BellewetherLarge Print - 2019
"I've loved every one of Susanna's books! She has bedrock research and a butterfly's delicate touch with characters--sure recipe for historical fiction that sucks you in and won't let go!"-- DIANA GABALDON, #1 New York Times bestselling author of Outlander
"The house, when I first saw it, seemed intent on guarding what it knew; but we all learned, by the end of it, that secrets aren't such easy things to keep."
It's late summer, war is raging, and families are torn apart by divided loyalties and deadly secrets. In this complex and dangerous time, a young French Canadian lieutenant is captured and billeted with a Long Island family, an unwilling and unwelcome guest. As he begins to pitch in with the never-ending household tasks and farm chores, Jean-Philippe de Sabran finds himself drawn to the daughter of the house. Slowly, Lydia Wilde comes to lean on Jean-Philippe, true soldier and gentleman, until their lives become inextricably intertwined. Legend has it that the forbidden love between Jean-Philippe and Lydia ended tragically, but centuries later, the clues they left behind slowly unveil the true story.
Part history, part romance, and all kinds of magic, Susanna Kearsley's latest masterpiece will draw you in and never let you go, even long after you've closed the last page.
From the critics
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I wasn’t sure “pussycat” was how I would describe him, unless that included grizzled, wily barn cats that had fought their way through several lives and earned the notches on their ears to prove it, and could spot fresh quarry by the faintest twitch beneath the hay.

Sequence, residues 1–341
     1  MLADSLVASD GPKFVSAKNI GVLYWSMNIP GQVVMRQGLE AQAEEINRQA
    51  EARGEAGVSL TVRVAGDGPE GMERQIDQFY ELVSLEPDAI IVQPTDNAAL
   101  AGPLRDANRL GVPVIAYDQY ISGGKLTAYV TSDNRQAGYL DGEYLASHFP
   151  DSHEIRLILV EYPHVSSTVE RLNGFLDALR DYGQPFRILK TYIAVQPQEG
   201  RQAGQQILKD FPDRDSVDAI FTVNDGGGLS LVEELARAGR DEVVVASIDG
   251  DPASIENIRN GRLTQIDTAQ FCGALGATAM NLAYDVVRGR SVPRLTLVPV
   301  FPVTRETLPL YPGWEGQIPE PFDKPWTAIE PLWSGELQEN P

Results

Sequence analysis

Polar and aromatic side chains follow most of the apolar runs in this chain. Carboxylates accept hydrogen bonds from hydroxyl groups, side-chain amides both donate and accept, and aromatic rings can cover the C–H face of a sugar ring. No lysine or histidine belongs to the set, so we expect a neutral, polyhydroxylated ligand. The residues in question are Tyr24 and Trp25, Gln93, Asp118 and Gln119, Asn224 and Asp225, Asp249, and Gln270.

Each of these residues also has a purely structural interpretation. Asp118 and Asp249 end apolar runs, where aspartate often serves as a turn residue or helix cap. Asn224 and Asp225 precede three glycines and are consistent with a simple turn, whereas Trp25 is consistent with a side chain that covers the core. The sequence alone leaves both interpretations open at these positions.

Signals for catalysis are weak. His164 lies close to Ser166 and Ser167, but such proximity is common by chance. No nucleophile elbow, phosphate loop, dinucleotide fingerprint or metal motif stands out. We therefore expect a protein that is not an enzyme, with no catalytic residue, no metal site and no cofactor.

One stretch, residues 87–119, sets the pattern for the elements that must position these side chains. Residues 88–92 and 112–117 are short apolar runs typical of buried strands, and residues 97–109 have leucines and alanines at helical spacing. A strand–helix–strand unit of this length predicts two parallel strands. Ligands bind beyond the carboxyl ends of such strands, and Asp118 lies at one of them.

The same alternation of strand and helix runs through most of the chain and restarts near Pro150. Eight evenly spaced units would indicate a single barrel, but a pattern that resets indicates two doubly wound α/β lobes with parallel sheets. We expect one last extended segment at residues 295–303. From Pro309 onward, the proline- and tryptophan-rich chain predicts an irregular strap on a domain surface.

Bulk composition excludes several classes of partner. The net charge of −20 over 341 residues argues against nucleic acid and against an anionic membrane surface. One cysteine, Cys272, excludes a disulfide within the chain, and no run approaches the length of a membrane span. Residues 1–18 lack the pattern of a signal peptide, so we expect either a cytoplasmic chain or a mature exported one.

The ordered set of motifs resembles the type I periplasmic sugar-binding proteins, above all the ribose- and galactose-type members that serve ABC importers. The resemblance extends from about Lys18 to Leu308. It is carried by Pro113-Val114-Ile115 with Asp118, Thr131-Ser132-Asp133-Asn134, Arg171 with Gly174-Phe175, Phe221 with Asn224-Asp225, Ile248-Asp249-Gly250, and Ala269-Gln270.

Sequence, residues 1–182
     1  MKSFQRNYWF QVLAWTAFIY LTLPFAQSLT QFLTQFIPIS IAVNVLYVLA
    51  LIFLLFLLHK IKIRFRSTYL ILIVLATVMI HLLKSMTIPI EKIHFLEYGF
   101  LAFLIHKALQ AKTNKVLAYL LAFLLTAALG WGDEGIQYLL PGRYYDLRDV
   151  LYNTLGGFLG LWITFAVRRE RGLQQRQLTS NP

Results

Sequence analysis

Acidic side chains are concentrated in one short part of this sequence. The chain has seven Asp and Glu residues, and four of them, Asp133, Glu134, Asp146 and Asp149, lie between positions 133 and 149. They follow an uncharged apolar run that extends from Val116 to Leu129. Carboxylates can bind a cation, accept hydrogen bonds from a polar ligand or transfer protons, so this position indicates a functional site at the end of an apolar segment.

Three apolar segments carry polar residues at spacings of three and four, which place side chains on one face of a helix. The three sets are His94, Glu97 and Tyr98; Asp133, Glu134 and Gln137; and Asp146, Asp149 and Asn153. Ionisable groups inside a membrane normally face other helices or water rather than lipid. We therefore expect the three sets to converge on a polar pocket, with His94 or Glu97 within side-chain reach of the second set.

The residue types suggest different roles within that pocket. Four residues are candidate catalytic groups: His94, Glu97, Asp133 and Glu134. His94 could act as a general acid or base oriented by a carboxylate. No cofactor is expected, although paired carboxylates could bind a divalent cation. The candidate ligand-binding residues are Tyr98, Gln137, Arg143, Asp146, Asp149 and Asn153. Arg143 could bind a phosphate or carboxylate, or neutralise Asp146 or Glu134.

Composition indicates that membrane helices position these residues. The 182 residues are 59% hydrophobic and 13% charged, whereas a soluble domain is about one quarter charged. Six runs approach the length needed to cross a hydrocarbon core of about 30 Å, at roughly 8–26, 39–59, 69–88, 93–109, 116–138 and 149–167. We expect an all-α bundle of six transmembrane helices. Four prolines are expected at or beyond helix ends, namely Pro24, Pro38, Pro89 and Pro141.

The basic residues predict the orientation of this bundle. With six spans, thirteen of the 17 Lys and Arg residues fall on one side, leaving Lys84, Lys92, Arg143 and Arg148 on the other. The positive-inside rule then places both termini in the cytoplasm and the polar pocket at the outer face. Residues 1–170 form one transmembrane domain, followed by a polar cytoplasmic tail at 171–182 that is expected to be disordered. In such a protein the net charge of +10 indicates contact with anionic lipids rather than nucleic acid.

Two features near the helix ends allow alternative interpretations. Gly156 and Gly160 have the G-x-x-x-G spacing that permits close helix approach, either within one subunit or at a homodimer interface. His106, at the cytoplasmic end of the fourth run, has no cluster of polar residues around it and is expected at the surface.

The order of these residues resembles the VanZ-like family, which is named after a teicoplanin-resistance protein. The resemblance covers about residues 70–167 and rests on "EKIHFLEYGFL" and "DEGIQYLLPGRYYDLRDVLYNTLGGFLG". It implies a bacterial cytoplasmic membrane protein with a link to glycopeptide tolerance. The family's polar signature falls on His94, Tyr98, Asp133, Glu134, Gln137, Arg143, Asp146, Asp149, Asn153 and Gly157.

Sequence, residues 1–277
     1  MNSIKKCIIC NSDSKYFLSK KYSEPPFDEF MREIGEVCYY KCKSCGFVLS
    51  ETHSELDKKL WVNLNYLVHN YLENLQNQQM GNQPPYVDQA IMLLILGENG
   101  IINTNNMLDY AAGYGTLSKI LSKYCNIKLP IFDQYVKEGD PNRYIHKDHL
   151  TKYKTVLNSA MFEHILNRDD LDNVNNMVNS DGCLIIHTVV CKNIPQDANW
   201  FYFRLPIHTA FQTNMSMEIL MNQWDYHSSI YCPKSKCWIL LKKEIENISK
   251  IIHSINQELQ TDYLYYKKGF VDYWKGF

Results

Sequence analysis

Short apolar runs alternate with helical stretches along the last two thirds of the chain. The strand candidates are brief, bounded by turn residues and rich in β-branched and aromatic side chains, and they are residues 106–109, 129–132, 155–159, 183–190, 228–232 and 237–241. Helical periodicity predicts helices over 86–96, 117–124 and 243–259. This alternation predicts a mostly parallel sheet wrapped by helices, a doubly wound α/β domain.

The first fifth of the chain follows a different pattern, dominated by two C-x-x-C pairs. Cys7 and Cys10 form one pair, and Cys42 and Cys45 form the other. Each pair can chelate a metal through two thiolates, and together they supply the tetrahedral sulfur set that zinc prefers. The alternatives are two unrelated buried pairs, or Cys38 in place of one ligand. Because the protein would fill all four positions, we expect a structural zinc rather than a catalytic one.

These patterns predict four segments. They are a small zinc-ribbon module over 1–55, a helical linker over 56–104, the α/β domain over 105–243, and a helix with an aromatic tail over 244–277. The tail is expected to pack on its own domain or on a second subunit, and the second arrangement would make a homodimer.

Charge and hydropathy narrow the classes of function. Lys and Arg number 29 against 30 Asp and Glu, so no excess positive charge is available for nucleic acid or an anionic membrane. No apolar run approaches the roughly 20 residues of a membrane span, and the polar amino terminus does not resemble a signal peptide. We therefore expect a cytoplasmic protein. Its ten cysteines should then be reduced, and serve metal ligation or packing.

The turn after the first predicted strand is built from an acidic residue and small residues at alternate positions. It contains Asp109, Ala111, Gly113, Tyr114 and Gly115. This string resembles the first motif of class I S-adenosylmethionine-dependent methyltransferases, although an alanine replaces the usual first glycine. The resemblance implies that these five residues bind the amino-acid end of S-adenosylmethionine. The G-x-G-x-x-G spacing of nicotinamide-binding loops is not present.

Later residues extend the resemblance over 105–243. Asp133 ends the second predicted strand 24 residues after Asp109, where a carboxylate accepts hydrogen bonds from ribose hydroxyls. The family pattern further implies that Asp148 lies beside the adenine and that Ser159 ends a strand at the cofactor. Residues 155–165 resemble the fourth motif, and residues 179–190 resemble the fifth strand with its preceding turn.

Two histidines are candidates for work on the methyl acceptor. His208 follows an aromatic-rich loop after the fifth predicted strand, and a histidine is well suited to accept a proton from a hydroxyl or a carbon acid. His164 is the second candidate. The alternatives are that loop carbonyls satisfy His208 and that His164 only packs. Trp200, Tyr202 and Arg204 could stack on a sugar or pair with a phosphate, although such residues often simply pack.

for a man who liked to stand and talk as much as William did, he never truly stood for anything. Which wasn’t wholly accurate. He stood for many things, but in a shifting way. He was the perfect model of a man of business, showing to all men the face they wanted most to see. With men of learning, he would mirror their own interests, speak of books and of philosophy, and yet with men who worked along his docks he could as easily share stories that would curl a barmaid’s hair, and leave both groups convinced that here, indeed, was someone they could trust and like. A man like them.
“You know, back when I went to school we never learned about us having slaves in the north. It was all just the Underground Railroad and Lincoln, and how we were good and the south was so bad, and then I read this article on slavery in Brooklyn and it said at one time New York had more slaves than any city except Charleston.”
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